No anarchocapitalist (or libertarian in general) is opposed to small-scale voluntary egalitarian social units. Think families, clubs, fraternal organizations, mutual aid societies, coops, hippie communes, etc. These are all to varying degrees operational examples of micro-socialism. Where libertarians differ from anarcho-communists like Kropotkin is precisely in extending this to macro. Private property and market prices are empirically and logically completely necessary on a macro scale for a productive economy. An-coms don’t understand or accept this. That’s the difference.

26 09 2011
macsnafu

Interesting and reasonable points, but I don’t agree that the Georgists have a point, or at the least, they resolve the problem in a silly way.
So rare to find posts that actually give you something to think about.

26 09 2011
flare

“What we don’t see are property rights”
If tribe X invaded tribe Y’s territory, I think tribe Y would respond as if their property rights had been violated. Its just, for them, the whole tribe is the ‘owner’ of the property (rather than any individual), i imagine. Even pack animals like wolves will fight to defend their pack’s territory, and actively maintain boundaries.

“Communist anarchists”
The most important thing is that the state is proscribed. Labels like ‘communist anarchist’ are prescriptions for what ought be done after state proscription. I don’t think its really important or pertinent to make prescriptions at this point in time. In a free society, if someone wants to live in a anarcho-communist way, they will have that option and will do so. In a free society, if someone wants to live in a way where everyone has lots of property rights for everything, they can do that too and will do so. The two systems would (peacefully) compete and people will naturally gravitate towards the whichever system is ‘better’.

We need to establish the circumstance in which society will make good decisions. Its not important to actually predict and presently prescribe what decisions we think will be chosen.

The following is a reply I posted on that evolvify post, that I want to point out to you:

‘Libertarianism is not paleo’. Agreed.
‘Egalitarianism is common and effective among hunter-gatherer (and probably paleo) tribes’. Agreed.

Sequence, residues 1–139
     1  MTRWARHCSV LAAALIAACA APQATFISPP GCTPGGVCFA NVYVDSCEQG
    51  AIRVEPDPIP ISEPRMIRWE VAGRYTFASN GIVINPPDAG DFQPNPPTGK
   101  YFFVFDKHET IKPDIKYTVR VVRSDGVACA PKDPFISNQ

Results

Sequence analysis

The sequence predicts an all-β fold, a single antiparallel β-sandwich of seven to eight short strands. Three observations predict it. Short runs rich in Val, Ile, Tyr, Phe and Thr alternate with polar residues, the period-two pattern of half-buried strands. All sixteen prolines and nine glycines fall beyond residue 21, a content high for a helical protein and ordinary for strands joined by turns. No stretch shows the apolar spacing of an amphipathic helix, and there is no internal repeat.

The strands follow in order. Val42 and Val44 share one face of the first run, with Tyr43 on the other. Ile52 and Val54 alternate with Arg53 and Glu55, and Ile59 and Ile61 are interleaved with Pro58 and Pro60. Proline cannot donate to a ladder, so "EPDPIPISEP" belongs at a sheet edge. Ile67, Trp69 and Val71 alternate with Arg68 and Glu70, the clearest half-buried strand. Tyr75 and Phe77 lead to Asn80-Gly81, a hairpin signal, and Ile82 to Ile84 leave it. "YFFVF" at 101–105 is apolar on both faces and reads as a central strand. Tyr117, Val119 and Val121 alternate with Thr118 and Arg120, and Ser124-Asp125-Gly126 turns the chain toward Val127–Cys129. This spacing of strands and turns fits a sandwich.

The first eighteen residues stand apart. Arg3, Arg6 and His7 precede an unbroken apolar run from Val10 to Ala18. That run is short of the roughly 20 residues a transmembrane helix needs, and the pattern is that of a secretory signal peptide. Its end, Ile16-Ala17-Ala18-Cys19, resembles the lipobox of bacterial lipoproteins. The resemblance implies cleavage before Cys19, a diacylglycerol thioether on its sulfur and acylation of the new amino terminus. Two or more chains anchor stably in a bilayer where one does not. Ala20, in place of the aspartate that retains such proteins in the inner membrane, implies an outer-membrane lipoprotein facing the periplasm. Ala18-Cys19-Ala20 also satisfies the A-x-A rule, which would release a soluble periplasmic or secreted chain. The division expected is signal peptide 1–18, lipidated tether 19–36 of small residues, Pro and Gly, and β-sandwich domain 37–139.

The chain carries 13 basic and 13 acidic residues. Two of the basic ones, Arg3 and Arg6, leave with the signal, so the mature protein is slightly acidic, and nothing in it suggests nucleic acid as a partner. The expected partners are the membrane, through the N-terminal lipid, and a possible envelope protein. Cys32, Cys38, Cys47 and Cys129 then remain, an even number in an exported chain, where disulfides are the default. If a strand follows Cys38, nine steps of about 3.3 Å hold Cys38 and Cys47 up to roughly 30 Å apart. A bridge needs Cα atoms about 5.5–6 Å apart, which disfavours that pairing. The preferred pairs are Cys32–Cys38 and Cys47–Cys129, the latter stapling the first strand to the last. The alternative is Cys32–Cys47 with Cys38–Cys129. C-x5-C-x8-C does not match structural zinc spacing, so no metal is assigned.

What is the implication supposed to be? That we shouldn’t be libertarian, because it was not paleo? This is what I infer, but I didn’t see this explicitly stated. I will respond as if you said we shouldn’t be libertarian because its not paleo.

“the hunter-gatherer ethnography is completely made up of bands characterized by egalitarian political organization”
Are hunter-gatherers ‘organized politically’? Hunter-gatherers don’t have a government, so I would rather call their organization ‘social’ rather than ‘political’. Its an important point. Political systems organize people by the threat of violence, whereas more ‘social’ systems organize people by inducing voluntary action via various social levers such as inspiration/leadership, debate/discussion, threatened ostracization/other lowering of social status, etc.

Hunter-gatherers do not have politically-induced egalitarianism. They have socially-induced egalitarianism. Hunter-gatherer tribes are egalitarianism because they want to be, not because someone is threatening them with violence. Here’s an excerpt from one of your sources (Bohem 2001):

“Egalitarianism is not simply the absence of a headman and other authority figures, but a positive insistence on the essential equality of all people and a refusal to bow to the authority of others, a sentiment expressed in the statement: ‘Of course we have headmen…each of us is headman over himself.’ Leaders do exist, but their influence is subtle and indirect. They never order or make demands of others, and their accumulation of material goods is never more, and often much less, than the average accumulation of the other households in their camp.